From a chemical point of view, green tea has a protein content of about 15–20%, which include amino acids such as l-theanine [10], tyrosine, tryptophan, threonine, 5-N-ethylglutamine, glutamic acid, serine, glycine, valine, leucine, aspartic acid, lysine and arginine. It also contains trace elements such as magnesium, chromium, manganese, calcium, copper, zinc, iron, selenium, sodium cobalt or nickel, and carbohydrates such as glucose, cellulose and sucrose [9,10,11,12,13,14,15,16,17,18,20,21]. In addition, green tea is rich in sterols and lipids—linoleic and α-linolenic acid, and vitamins B2, B3, C—of which the most is in Gyokuro tea (about 10 mg) and Sencha (4 mg), vitamin E and trace amounts of vitamin K. Vitamin A only occurs in Matcha tea. It is also important that green tea is extremely rich in macroelements; it is a source of fluorine, iodine as well as phosphorus. The diphenylpropanoid skeleton (C6C3C6) content is also typical feature of green tea [10,11,12]. In addition, green tea is rich in xanthine bases, which include theophylline and caffeine [20], as well as pigments such as carotenoids and chlorophyll. It is worth noting that the chemical composition of green tea also includes phenolic acids, which include gallic acid and volatile compounds including alcohols, esters, hydrocarbons and aldehydes. Phenolic acids, which include proanthocyanidins, as well as gallic acid esters with monosaccharides, have a huge impact on the qualities of green tea infusion.
The phenolic acids mentioned earlier belong to the group of polyphenols, together with flavonoids, flavandiols and flavols. Available data indicate that these compounds can constitute up to 30% of the dry matter of green tea. Catechins are the standard green tea flavonoids. Green tea contains a much higher amount of catechins than black tea or Oolong. As mentioned above, the group of catechins include EGCG, ECG, EGC and EC [10,11,12,13]. Below (Figure 1) are the chemical structure of green tea catechins. In addition to the number of hydroxyl groups, their distribution is equally important, taking into account the antioxidant activity of catechins [16]. Catechins, with a catechol group have lower antioxidant potential compared to catechins with a pyrogalol group. However, the antioxidant efficacy of catechins depends not only on the chemical structure, but also on the environmental conditions [10,11,12,13,14,15,16,17,18].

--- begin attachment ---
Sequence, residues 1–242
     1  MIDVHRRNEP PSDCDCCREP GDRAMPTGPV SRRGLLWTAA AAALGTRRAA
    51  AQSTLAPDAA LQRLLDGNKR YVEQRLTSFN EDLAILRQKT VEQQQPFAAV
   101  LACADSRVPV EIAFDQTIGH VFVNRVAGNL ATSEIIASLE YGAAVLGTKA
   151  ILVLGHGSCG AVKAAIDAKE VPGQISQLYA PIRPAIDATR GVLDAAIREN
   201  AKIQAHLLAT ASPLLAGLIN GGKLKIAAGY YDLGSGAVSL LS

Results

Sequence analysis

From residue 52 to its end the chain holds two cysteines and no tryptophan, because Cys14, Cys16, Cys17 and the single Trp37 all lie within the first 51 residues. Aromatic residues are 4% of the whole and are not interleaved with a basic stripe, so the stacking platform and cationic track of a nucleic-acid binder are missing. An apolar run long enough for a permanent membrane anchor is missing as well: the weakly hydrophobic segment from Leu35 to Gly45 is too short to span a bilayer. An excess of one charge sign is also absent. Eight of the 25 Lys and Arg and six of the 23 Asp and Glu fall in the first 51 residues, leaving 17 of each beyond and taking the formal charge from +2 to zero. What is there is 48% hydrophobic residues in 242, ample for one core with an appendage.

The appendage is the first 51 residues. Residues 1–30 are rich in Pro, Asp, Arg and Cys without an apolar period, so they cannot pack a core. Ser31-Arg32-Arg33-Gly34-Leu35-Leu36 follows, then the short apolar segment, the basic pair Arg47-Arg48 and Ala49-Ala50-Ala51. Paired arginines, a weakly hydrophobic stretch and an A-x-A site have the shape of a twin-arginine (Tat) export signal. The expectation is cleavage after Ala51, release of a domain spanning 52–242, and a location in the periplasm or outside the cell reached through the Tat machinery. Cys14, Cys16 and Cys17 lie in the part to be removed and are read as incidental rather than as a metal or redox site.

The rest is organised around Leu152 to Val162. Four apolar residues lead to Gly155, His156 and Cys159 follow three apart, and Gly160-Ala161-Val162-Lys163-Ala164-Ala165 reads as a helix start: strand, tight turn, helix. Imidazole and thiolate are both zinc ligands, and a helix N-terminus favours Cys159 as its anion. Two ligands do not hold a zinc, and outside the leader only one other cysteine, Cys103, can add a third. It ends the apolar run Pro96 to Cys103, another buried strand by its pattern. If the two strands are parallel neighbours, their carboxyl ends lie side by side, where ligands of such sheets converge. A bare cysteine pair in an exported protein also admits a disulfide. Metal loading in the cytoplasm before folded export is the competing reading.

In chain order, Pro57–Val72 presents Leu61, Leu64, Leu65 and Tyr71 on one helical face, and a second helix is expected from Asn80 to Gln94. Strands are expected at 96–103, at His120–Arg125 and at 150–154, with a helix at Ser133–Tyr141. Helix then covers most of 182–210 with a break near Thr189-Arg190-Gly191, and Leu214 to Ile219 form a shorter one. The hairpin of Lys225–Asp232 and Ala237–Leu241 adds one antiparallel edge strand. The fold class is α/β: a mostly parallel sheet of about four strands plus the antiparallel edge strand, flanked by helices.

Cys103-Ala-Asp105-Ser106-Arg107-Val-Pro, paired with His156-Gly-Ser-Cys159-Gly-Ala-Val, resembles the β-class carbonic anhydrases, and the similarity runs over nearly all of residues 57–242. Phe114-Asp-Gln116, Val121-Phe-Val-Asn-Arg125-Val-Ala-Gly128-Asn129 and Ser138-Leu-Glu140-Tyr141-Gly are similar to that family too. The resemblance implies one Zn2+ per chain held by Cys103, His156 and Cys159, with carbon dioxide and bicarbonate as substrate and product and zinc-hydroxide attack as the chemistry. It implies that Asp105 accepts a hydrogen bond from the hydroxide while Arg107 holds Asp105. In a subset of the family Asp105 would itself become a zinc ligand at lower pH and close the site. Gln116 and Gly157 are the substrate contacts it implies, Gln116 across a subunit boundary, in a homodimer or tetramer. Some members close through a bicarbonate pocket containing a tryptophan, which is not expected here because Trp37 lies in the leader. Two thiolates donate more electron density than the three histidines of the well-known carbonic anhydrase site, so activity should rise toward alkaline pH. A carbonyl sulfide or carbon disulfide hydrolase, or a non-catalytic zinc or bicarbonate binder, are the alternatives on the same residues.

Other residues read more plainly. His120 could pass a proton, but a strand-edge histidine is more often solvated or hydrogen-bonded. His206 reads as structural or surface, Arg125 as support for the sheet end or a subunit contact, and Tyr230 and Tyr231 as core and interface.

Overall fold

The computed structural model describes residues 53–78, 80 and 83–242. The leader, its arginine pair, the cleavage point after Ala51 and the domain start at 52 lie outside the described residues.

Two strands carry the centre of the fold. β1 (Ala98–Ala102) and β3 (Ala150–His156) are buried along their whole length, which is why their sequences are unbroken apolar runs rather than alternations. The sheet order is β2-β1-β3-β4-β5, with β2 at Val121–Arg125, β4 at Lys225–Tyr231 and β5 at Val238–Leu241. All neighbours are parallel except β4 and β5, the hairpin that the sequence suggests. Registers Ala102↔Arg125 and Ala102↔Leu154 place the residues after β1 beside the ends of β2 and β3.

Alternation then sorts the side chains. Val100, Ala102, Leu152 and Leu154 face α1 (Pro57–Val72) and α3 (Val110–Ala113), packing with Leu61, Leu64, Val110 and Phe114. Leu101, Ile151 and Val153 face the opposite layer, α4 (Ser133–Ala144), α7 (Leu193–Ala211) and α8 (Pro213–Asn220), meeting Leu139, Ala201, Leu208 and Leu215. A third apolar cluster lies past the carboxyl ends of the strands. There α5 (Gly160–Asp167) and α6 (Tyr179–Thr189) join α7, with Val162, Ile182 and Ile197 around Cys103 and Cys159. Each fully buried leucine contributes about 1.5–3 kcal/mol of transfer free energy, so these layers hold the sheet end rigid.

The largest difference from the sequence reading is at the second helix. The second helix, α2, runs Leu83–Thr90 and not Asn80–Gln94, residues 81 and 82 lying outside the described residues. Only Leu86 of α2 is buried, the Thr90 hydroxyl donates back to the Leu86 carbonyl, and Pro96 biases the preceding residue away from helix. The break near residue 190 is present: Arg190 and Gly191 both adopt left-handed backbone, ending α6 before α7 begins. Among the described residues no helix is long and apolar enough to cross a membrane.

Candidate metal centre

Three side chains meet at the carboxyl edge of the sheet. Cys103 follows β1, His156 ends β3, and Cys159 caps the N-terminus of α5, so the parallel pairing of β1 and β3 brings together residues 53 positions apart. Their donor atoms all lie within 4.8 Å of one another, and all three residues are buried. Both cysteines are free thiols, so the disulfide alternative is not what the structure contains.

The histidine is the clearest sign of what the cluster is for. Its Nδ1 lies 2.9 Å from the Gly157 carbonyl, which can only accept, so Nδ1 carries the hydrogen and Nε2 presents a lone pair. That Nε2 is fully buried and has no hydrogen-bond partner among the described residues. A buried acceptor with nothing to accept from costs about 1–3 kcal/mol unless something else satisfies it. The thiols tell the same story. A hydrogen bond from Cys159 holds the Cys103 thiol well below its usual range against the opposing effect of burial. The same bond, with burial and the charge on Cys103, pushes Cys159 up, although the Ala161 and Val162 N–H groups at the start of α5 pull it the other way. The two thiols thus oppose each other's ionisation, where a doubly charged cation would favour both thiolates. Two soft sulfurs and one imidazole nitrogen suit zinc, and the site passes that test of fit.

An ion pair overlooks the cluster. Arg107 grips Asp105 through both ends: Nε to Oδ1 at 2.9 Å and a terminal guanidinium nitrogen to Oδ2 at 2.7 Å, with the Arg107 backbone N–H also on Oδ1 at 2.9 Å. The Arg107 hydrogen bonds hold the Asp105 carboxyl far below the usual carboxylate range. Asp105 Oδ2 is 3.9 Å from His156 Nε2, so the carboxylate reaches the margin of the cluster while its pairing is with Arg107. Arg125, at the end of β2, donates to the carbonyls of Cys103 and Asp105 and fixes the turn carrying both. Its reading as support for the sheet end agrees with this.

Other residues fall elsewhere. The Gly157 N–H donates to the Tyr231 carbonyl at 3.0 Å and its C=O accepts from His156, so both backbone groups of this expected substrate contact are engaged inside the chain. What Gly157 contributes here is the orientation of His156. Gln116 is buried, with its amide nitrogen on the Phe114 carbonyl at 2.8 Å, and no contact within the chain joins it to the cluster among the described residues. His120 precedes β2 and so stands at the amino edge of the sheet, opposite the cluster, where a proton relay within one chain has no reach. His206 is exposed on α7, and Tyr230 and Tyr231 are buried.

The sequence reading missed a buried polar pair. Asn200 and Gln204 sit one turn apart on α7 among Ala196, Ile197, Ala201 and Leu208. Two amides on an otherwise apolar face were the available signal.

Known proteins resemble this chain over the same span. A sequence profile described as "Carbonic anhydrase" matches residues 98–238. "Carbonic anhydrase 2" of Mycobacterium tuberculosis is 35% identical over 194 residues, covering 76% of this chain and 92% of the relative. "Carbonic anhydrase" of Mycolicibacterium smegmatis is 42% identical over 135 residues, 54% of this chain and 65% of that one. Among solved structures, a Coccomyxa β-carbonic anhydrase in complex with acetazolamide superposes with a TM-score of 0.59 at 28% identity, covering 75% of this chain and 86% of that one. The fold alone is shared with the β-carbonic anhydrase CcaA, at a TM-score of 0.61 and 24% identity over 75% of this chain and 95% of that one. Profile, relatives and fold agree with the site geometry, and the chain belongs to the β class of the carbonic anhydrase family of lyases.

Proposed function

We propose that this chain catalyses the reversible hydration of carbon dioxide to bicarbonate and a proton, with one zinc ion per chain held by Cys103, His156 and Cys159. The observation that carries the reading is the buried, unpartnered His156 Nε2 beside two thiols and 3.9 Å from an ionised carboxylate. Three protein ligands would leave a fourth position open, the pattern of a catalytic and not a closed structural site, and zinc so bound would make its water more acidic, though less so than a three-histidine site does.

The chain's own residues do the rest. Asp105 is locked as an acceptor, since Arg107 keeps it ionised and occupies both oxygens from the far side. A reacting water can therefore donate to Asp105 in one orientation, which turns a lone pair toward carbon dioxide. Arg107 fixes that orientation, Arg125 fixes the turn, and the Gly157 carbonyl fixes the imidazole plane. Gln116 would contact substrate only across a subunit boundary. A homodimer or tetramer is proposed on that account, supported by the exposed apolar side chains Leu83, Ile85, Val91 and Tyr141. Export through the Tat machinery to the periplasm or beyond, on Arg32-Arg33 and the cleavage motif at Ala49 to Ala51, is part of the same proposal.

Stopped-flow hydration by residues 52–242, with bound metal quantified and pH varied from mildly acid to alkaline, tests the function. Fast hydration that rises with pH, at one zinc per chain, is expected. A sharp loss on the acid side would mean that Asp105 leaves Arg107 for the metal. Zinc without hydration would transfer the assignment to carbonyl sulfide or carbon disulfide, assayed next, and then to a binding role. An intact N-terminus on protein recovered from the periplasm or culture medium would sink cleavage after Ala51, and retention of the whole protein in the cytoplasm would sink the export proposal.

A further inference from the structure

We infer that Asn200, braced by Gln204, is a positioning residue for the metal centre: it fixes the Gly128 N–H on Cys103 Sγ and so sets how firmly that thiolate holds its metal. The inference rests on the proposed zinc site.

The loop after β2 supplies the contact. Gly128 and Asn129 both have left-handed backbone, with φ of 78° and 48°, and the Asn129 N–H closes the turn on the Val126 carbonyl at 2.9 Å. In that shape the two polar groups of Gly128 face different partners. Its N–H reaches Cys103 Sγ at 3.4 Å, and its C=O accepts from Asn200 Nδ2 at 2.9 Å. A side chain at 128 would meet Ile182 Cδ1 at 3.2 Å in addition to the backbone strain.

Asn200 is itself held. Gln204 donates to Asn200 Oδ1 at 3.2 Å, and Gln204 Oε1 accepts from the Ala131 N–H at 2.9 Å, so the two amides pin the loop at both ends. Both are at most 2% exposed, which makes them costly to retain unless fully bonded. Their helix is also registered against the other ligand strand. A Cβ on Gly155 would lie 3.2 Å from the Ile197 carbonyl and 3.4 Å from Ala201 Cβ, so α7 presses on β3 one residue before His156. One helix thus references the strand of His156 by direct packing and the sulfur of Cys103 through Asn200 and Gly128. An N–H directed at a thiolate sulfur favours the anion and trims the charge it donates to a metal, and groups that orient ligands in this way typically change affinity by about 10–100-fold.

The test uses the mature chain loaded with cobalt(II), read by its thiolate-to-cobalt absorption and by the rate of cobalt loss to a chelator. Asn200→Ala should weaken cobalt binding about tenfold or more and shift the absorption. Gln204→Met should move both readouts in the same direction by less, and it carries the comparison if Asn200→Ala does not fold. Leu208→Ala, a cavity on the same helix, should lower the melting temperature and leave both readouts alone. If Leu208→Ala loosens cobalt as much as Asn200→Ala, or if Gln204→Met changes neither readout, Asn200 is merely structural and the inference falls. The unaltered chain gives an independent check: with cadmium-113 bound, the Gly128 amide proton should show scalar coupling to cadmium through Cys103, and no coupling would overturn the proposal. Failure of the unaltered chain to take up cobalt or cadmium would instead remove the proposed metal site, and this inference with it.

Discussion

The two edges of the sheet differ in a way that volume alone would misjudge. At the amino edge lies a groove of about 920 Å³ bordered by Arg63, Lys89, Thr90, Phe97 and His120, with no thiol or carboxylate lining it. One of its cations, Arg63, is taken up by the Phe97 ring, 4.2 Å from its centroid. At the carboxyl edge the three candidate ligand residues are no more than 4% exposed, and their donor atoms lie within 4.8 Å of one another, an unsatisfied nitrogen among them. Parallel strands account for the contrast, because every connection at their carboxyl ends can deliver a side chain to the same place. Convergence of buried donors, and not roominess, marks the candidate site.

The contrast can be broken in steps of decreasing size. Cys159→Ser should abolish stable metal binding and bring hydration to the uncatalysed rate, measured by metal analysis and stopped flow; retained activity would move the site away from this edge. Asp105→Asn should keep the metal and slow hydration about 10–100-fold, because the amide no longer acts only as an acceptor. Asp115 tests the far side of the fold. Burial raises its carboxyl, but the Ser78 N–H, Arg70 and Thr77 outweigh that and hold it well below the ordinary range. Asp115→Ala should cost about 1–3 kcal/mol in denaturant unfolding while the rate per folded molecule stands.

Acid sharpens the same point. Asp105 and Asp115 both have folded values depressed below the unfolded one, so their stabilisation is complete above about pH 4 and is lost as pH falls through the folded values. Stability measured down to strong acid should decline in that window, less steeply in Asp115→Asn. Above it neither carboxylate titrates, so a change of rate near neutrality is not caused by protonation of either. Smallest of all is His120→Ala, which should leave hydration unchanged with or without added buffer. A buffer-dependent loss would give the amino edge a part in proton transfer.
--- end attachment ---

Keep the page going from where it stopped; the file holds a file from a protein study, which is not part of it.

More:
The individual chemical components of green tea have a fundamentally different effect on particular types of cancer. Available data indicate that ascorbic acid, arginine, proline, lysine and EGCG were reported to have a positive effect on tumor growth reduction [12,13,14,15,16,17].
On figure below (Figure 2), we present the chemical composition of green tea, broken down into lipids, amino acids, trace elements, phenolic acids, vitamins, carbohydrates and volatile compounds.

4. Catechins: Modes of Action

EGCG is so far the best studied catechin derivative. The amount of catechins in green tea depends primarily on its variety, the method of its cultivation and leaf processing, as well as the brewing time and temperature. Studies show that catechins achieve the highest stability in the range of pH between 4 and 6 [9,10,11,12,13].
Available data indicate antitumor [9], antioxidant [17], anti-inflammatory [22], anti-microbial, anti-viral [23,24,25], anti-diabetic, anti-obesity and hypotensive effects [23,24,25] of catechins. Their beneficial effects on Gram-positive and Gram-negative bacteria, viruses, fungi and prions also need to be emphasized [1].
Catechins also act as the metal ion chelators for copper ions and iron ions. The specific chemical structure of polyphenols (the presence of a minimum of five hydroxyl groups) contained in green tea has a significant impact on the antioxidant capacity [26,27,28,29]. Chelation of transition metal ions is possible due to the di/tri-hydroxy structure of the B and D rings [26], as well as the meta-5,7-dihydroxy group at the A ring [1,30,31]. However, under specific conditions, they may have pro-oxidative effects [32]. The control of catechins under intracellular pool of nitro-oxidative stress is mainly responsible for their anticancer properties [33]. Therefore, polyphenolic compounds that bring health-promoting properties for the body can also result in the opposite effects if very high doses of catechins are used [19]. The result is induction of pro-oxidative stress, as well as oxygen damage to cellular components. In addition, polyphenols also have a pro-oxidative effect in the presence of tyrosinase or peroxidase, i.e., oxidizing enzymes. In addition, the pro-oxidative effect is closely related to inflammatory processes [19]. Analogously to the antioxidant properties, the pro-oxidizing properties of catechins depend identically on such factors as the number of hydroxyl groups in the molecule. During the process of polyphenol oxidation, cellular molecules are damaged by reactive oxygen species as well as electrophilic quinones. This factor is crucial in the etiopathogenesis of degenerative diseases and a carcinogenic process [19].